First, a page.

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Increase Your Social Security Benefit After You’ve Filed: File and Suspend Doesn’t Have to Be All at Once


Note: with the passage of the Bipartisan Budget Act of 2015 into law, File & Suspend and Restricted Application have been effectively eliminated for anyone born in 1954 or later. If born before 1954 there are some options still available, but these are limited as well. Please see the article The Death of File & Suspend and Restricted Application for more details.

We’ve discussed the File and Suspend activity many times on this blog, but most of the time we refer to the activity as happening all at the same time.  This is because very often we’re talking about one spouse setting the table for the other spouse to begin receiving Spousal Benefits.

There is another situation where File and Suspend could be used – you could earn delayed retirement credits after you had already started receiving your retirement benefits by suspending your benefit.  You must be at least Full Retirement Age (FRA) when you do this, but it could work in your situation.

Say for example, you started receiving your benefit at age 62.  At that point you were retired, and you intended to just play golf for the rest of your life.  After about 180 holes a week for the first two years, you decide that you’d rather poke yourself in the eye than listen to the same old stories from your duffer buddies again, and you go back to work.

As you return to work, it turns out that you’re earning much more than the earnings limits allow, and as such your retirement benefit is completely withheld.  There’s not much you can do about it since you’re only 64 at this point, so you just let SSA do their thing – knowing that you’ll get your payback in credits for those months when your benefit was withheld after you reach FRA.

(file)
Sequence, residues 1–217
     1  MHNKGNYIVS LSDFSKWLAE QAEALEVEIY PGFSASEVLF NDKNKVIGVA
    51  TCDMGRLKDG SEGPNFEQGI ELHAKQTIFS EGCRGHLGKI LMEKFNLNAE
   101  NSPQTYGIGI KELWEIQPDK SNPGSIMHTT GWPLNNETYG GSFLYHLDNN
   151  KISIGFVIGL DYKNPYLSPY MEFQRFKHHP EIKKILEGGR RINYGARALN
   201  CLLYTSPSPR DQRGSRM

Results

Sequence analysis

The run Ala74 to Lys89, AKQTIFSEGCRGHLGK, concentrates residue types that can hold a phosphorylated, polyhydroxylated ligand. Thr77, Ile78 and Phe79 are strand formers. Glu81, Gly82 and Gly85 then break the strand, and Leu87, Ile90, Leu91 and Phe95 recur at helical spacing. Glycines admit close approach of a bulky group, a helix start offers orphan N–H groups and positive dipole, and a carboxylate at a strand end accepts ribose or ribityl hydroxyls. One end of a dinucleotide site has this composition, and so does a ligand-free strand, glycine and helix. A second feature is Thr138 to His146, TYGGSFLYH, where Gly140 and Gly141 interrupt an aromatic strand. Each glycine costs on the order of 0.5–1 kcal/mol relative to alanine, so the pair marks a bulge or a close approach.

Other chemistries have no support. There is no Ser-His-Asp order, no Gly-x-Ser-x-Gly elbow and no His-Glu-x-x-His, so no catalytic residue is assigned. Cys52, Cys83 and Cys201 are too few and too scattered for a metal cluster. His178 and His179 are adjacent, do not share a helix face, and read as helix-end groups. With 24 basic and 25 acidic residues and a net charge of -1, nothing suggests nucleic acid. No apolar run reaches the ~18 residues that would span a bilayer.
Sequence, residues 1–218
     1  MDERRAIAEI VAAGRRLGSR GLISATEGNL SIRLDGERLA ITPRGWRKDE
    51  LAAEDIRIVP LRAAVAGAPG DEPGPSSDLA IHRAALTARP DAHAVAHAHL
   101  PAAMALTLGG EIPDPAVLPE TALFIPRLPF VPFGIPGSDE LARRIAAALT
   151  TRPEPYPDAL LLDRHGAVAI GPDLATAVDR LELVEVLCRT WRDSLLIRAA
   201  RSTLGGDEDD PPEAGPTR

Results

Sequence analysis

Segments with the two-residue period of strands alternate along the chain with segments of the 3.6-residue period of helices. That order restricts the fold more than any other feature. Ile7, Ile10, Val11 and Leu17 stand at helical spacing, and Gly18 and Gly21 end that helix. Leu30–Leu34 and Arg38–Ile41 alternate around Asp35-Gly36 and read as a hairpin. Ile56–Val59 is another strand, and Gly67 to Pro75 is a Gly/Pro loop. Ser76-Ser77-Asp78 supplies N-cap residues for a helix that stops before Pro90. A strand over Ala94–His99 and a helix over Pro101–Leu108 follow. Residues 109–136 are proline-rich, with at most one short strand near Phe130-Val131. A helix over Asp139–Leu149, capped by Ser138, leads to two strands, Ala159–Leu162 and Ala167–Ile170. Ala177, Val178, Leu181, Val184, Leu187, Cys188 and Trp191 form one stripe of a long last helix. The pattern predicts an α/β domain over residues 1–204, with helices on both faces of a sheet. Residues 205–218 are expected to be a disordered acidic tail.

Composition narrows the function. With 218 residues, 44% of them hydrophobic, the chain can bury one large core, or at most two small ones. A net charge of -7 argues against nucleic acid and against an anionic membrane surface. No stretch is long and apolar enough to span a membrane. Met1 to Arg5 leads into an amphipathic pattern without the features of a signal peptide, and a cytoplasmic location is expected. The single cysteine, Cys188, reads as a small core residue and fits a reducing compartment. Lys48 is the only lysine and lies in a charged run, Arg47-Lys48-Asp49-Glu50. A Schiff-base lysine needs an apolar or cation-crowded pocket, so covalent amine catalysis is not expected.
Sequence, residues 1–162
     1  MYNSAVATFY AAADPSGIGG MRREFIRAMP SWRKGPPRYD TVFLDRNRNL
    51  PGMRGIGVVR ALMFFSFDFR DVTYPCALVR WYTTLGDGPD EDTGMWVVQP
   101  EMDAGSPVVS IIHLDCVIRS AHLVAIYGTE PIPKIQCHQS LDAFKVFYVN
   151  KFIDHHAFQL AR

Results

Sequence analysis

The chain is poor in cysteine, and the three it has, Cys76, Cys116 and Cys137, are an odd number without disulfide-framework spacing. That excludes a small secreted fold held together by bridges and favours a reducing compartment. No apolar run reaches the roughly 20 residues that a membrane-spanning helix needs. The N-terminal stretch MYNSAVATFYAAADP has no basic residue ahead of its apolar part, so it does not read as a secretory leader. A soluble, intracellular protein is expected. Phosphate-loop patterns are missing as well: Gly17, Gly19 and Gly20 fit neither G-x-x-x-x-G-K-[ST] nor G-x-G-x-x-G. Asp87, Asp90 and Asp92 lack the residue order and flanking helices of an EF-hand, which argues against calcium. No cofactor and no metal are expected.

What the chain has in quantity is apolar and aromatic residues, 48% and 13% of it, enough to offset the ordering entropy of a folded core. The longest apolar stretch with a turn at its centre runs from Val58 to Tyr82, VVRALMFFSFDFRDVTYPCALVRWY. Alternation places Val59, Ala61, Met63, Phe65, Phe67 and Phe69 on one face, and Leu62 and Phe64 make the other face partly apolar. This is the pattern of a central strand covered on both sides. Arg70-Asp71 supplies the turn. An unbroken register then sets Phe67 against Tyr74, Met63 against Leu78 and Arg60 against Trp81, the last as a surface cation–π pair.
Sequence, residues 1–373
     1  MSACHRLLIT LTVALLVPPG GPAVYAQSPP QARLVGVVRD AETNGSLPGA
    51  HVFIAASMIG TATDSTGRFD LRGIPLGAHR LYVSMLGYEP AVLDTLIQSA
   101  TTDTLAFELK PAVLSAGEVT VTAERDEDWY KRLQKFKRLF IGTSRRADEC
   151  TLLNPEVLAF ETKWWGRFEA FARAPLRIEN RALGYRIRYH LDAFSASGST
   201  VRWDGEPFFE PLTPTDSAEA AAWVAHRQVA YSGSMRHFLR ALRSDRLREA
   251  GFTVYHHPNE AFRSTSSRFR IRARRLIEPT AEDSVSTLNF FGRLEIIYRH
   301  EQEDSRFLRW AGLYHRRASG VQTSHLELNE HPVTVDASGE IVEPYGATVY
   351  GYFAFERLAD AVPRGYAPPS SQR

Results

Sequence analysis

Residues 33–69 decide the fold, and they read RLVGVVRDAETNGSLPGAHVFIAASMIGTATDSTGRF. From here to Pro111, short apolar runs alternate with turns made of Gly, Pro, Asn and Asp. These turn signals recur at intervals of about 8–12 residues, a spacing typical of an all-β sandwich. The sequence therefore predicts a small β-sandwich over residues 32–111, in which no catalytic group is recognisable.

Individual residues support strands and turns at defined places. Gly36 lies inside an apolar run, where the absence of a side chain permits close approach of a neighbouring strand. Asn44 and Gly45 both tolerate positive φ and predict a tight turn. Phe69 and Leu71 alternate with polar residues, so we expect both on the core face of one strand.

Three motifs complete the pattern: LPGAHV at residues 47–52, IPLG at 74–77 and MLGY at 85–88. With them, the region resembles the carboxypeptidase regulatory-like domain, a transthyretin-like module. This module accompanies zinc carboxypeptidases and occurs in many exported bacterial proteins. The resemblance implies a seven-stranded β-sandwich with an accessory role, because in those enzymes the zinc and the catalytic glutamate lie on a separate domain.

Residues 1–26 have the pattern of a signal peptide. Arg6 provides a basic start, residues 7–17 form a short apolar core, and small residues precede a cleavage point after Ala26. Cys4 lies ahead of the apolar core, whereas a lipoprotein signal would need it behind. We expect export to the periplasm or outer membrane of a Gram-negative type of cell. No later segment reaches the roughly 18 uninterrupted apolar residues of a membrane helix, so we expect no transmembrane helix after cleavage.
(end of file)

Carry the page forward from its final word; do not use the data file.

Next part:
But, when you reach FRA, you’re still working – and you don’t need the Social Security benefit to live on.  At this point you could Suspend your application and stop receiving benefits altogether (since you haven’t been receiving them anyhow) and begin accruing Delayed Retirement Credits (DRCs) on your benefit.

If your FRA was 66, you could accrue 32% (8% per year or 2/3% per month) in DRCs.  Your new benefit would be calculated in a rather convoluted fashion by reducing the benefit for the two years that you received them (between ages 62 & 64) and then increasing the benefit by the 32% of DRCs.

So if your Primary Insurance Amount (the unreduced benefit that you would have received at FRA) was $2,000, since you had 24 months of early benefits the first part of the calculation would be to reduce that $2,000 by 13.34% (6.67% per year).  Then that amount would be increased by the DRCs that you accrued, 32%.  So:

$2,000 times 86.66% times 132% equals $2,287.80

The total benefit that you could receive at age 70 would be $2,287.80 – although your PIA could have adjusted due to your additional earnings, if those earnings replaced lower earning years on your record.

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One Comment

  1. Hey Jim. Great post. The example really spells out the mechanics of this process for your readers. Thanks.

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